Pop star Ariana Grande may have one less problem in her romantic life, at least that’s what she told us in her biggest hit song. But she definitely has one more problem in her professional life.

Her first big-time tour.

Grande’s Honeymoon Tour performance Sunday at the Xcel Energy Center was too busy, dimly lit and just ill conceived. The emphasis should have been on the vocals — Grande’s forte — and not on overcooked attempts at pizazz.

Flying over the stage on a papier-mâché cloud. Leave that to Katy Perry. Arriving onstage atop a glitzy chandelier. Leave that to Cher. All kinds of choreography with backup dancers (such as a Gatsby-inspired flapper dresses-and-tuxedos scenario). Leave that to Madonna.

With two No. 1 albums and five Top 10 singles, Grande, 21, the former Nickelodeon TV star, may have the drawing power to fill an arena. A near full house of perhaps 12,000 turned out Sunday. But she doesn’t have the experience to pull off an arena spectacle.

On the third night of her first arena headline tour, the petite powerhouse was often hard to find onstage. Blame on it unspectacular lighting, too many dancers (as many as 12) and a series of monochromatic costumes (black, white or silver). To make matters more distracting, there were flashpots, fireworks, stage fog and sometimes confetti — from the opening “Bang Bang” to the closing “Problem.”

But what you want from Grande in concert is grand vocalizing, that four-octave range cascading with deep emotion. At times, it was evident, especially when there were no dancers onstage. The star luxuriated atop a white grand piano, her flowing lavender train spilling all over the floor as she delivered the Adele-evoking power ballad “Just a Little Bit of Your Heart.” It was her most focused and heartfelt vocal of the evening.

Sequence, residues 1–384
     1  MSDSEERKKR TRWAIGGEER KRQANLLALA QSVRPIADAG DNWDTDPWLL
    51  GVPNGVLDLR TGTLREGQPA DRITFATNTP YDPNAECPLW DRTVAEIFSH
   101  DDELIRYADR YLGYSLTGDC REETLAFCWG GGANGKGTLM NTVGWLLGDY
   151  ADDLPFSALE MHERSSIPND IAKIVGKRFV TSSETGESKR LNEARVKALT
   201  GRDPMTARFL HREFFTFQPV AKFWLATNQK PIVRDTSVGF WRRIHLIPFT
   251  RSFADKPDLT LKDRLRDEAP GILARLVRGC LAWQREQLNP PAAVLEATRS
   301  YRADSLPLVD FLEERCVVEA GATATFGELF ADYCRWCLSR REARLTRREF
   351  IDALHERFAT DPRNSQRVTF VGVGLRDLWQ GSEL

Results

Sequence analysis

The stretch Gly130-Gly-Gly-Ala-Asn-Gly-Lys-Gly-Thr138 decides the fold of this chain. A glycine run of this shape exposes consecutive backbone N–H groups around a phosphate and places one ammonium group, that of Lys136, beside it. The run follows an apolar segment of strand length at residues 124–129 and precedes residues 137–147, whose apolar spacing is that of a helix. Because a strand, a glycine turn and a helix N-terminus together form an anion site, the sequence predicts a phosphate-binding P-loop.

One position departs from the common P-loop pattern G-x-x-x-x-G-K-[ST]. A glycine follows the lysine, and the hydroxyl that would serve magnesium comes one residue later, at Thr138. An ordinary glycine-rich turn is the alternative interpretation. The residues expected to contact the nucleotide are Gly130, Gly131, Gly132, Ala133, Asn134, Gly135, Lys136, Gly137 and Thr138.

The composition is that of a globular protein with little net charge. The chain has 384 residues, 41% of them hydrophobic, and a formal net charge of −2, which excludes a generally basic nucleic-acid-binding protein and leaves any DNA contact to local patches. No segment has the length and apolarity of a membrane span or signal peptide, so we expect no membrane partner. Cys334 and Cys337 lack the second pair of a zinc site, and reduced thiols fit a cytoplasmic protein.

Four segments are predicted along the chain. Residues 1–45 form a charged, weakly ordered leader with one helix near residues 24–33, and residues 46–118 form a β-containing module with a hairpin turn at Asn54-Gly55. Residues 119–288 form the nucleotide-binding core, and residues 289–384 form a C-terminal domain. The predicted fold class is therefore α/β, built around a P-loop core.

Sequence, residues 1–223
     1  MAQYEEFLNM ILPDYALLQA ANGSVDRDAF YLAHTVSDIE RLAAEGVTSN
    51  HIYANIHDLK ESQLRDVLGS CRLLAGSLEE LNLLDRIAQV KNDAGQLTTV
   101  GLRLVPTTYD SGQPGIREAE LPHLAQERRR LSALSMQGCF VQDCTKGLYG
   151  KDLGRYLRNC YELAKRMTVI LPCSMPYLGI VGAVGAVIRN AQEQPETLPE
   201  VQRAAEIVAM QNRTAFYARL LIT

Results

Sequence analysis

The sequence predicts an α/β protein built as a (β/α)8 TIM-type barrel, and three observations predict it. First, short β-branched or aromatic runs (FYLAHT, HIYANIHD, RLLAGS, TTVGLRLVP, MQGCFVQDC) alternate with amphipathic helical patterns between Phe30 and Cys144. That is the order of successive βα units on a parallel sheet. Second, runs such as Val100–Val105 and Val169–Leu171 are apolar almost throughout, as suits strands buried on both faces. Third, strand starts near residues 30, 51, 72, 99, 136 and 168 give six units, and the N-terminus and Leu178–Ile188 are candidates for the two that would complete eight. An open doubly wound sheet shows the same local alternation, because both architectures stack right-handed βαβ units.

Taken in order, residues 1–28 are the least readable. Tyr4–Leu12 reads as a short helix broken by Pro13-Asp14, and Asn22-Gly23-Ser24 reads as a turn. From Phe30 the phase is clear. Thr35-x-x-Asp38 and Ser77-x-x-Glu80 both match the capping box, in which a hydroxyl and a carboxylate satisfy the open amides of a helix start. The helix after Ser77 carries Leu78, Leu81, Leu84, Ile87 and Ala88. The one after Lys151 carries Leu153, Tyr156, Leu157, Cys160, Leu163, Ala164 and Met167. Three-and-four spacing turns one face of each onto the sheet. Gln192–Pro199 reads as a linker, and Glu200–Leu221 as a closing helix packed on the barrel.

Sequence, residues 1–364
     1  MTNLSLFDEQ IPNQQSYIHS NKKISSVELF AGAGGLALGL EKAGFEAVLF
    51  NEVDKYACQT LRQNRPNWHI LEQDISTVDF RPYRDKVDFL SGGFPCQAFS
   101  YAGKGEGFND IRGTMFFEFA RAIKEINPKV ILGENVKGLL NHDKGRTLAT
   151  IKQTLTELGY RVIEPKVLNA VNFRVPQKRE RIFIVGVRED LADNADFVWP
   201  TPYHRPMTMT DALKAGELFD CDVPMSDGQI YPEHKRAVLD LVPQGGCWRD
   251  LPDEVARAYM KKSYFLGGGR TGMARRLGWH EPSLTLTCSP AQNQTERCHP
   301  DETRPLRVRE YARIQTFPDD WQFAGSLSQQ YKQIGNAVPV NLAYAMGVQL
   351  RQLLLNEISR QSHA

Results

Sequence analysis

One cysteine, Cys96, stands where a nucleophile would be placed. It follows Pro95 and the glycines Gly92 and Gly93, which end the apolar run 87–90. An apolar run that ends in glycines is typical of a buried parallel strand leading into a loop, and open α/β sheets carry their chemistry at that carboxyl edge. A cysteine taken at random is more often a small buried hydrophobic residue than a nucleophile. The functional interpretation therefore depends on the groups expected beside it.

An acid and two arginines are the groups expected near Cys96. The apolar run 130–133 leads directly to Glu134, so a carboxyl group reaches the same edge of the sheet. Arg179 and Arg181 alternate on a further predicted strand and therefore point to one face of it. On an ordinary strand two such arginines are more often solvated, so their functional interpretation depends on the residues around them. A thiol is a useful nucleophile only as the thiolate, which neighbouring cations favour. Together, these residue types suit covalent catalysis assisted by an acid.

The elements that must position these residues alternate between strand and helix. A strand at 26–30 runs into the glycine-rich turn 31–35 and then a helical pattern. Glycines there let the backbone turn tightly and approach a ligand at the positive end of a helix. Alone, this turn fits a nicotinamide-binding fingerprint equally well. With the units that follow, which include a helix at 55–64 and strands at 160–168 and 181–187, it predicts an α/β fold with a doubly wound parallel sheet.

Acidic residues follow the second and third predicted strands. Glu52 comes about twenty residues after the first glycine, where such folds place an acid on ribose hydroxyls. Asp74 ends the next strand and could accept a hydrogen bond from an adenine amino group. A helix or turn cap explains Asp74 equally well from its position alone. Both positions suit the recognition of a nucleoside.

Grande displayed her prodigious pipes on up-tempo pieces, too, including “Love Me Harder,” which started with her alone atop a pedestal that rose at the back of the stage. For that number, the pixie with the giant ponytail donned her trademark cat ears atop her head. Of course, they were bejeweled to match her shimmering silver sequined outfit.

At souvenir stands, fans could buy plain white cat ears on headbands (for $40) whose lights would change colors programmed to Grande’s set list. For instance, during “Pink Champagne,” all the cat ears in the arena turned pink.

Grande employed other gimmicks including electronic Mi.mu gloves designed by British pop star Imogen Heap. Whenever Grande moved her hands while singing, the gloves manipulated her voice in weird ways. With such a terrific voice in an era of few stand-out female voices, why would Grande want to muck things up with technology?

Maybe she’s out of touch with some things. Like her core audience. I was surrounded by girls, ages 5 to 11, and their moms. They’ve got school on Monday morning. Should they have to sit through two opening acts (Cashmere Cat and Rixton, a boy band without typical boy-band camaraderie) and wait till 9 p.m. to see the headliner? When the concert lasts till 10:30 and you have a 90-minute drive home, what’s up with school?

“We’re not going,” the 11-year-old next to me promised.

That’s one more problem for Grande.